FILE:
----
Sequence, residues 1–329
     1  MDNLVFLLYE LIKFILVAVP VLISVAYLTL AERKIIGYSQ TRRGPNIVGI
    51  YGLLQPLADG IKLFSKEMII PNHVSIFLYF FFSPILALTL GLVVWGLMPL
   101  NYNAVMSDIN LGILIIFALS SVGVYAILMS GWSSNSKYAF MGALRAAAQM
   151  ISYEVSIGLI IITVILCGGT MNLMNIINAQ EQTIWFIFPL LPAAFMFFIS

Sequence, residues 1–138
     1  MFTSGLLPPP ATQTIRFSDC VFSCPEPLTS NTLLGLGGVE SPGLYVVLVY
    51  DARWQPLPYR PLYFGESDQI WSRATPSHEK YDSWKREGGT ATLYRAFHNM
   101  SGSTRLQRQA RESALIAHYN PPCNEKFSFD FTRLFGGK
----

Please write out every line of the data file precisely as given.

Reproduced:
Sequence, residues 1–329
     1  MDNLVFLLYE LIKFILVAVP VLISVAYLTL AERKIIGYSQ TRRGPNIVGI
    51  YGLLQPLADG IKLFSKEMII PNHVSIFLYF FFSPILALTL GLVVWGLMPL
   101  NYNAVMSDIN LGILIIFALS SVGVYAILMS GWSSNSKYAF MGALRAAAQM
   151  ISYEVSIGLI IITVILCGGT MNLMNIINAQ EQTIWFIFPL LPAAFMFFIS

Sequence, residues 1–138
     1  MFTSGLLPPP ATQTIRFSDC VFSCPEPLTS NTLLGLGGVE SPGLYVVLVY
    51  DARWQPLPYR PLYFGESDQI WSRATPSHEK YDSWKREGGT ATLYRAFHNM
   101  SGSTRLQRQA RESALIAHYN PPCNEKFSFD FTRLFGGK